With greater speed as his goal, Owatonna standout running back Jason Williamson performed barefoot workouts on the track this summer.

Unconventional? Sure. But Williamson is willing to do whatever is necessary to ensure success. That meant becoming a Swiss Army Knife in cleats as a junior last season. He rushed for 2,326 yards, scored a total of 44 touchdowns and intercepted six passes to spur Owatonna to the Class 5A Prep Bowl title.

A few weeks later he verbally committed to the Gophers on the same day as Eden Prairie quarterback Cole Kramer.

Owatonna coach Jeff Williams puts Williamson in the same category as former southern Minnesota products Kent Kitzmann and Darrell Thompson, both of whom dominated for Rochester John Marshall and the Gophers. Both competed for Jeff’s father, Snuffy; Kitzmann as a thrower in track and field in the 1970s, Thompson on the football field in the late 1980s.

“They are all the kind of guys you can rely on,” Williams said. “They give an A-plus effort on Friday night.”

Williamson, named Minnesota’s Gatorade Player of the Year after last season, typically wanted to give more than his coaches deemed necessary.

“He’s a shy and humble kid off the field,” Williams said. “But if we call a QB sneak at the goal line and we don’t get in, Jason will turn and give us a look like, ‘Why are you not giving me the ball?’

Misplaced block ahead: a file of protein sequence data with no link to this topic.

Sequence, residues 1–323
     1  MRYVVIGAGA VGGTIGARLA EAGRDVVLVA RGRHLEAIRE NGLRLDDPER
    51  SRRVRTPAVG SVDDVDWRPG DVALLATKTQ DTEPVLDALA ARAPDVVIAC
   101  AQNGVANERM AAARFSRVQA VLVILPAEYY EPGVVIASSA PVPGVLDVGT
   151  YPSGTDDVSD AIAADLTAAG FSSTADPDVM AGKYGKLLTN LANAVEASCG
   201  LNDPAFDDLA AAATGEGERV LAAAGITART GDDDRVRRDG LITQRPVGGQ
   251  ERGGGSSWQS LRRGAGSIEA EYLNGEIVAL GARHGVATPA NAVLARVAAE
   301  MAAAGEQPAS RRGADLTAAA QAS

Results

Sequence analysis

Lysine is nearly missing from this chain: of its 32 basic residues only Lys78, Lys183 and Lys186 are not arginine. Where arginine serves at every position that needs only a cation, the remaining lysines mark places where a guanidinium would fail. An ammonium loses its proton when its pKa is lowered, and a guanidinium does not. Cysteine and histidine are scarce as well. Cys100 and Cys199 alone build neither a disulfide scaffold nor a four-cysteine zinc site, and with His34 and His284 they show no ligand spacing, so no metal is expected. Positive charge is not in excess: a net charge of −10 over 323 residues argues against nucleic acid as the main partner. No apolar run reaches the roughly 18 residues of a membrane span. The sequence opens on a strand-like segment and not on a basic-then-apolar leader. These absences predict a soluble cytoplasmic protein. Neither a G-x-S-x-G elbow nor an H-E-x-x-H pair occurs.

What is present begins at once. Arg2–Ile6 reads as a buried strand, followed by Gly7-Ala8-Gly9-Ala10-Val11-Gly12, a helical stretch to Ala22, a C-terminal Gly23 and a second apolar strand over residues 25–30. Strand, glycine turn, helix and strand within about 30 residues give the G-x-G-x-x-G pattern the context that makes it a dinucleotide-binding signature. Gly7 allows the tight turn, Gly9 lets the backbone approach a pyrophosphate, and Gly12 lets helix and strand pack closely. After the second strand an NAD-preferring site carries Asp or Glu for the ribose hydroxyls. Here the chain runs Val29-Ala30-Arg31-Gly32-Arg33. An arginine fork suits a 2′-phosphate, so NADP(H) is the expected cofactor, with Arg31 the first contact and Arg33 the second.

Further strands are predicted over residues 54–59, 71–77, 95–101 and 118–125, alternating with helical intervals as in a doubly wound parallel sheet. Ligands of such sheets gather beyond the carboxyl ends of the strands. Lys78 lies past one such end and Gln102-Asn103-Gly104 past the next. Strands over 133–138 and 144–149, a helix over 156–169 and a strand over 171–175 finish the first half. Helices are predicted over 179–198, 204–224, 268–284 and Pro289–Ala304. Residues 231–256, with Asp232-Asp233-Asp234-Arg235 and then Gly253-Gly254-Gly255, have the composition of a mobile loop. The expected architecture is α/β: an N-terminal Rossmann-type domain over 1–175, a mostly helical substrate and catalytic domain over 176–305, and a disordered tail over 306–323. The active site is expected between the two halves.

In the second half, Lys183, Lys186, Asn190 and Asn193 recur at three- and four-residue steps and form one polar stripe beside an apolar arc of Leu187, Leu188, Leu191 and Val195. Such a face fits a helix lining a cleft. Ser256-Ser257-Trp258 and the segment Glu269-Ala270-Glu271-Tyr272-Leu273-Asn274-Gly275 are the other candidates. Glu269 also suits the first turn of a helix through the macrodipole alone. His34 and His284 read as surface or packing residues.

“And he can get very irritated when we pull him out for a series. And we pull him from some games earlier than he would like. But if you’re planning to play in November at U.S. Bank Stadium, it’s a marathon, not a sprint.”

Away from the field, Williamson understands.

“It’s nothing against our other guys, I just like to have the ball in my hands,” said Williamson, who measures 6-2 and 205 pounds and runs the 40-yard dash in 4.6 seconds. “It’s just a mind-set that comes from having a lot of confidence in myself.”

A new challenge awaits this season, which begins Friday on the road against Faribault. Owatonna graduated its explosive passing game, starting with quarterback Abe Havelka. What Williamson is in the open field, Havelka was under center. He threw for 3,154 yards and 40 touchdowns. Graduation also claimed three receivers with a combined 2,466 yards and 34 touchdowns.

Younger brother Sol Havelka, part of a junior class that has lost just one game since seventh-grade, takes over at quarterback. Williams said “play-action passes are key because their job is to take pressure off Jason. You’re going to get fired as a defensive coordinator if you don’t try to stop Jason.”

Brainerd game-planned for Williamson in the state tournament semifinals and Abe Havelka tore it up, throwing for 451 yards and seven touchdowns.

Williamson is certain that the retooled offense remains potent. The unit made plays against Cretin-Derham Hall, one of the top Class 6A teams, in a scrimmage last Saturday.

“I know some people who don’t believe in us because of the guys we lost,” he said. “But we’re pretty confident among ourselves because a lot of younger guys got playing time in games where we were ahead and they are excited to step into their roles.”

Williamson’s role as team catalyst is already defined. And coaches are content to let him go.

“We don’t talk to much about running with him because he’s more talented than anyone coaching him,” Williams said jokingly.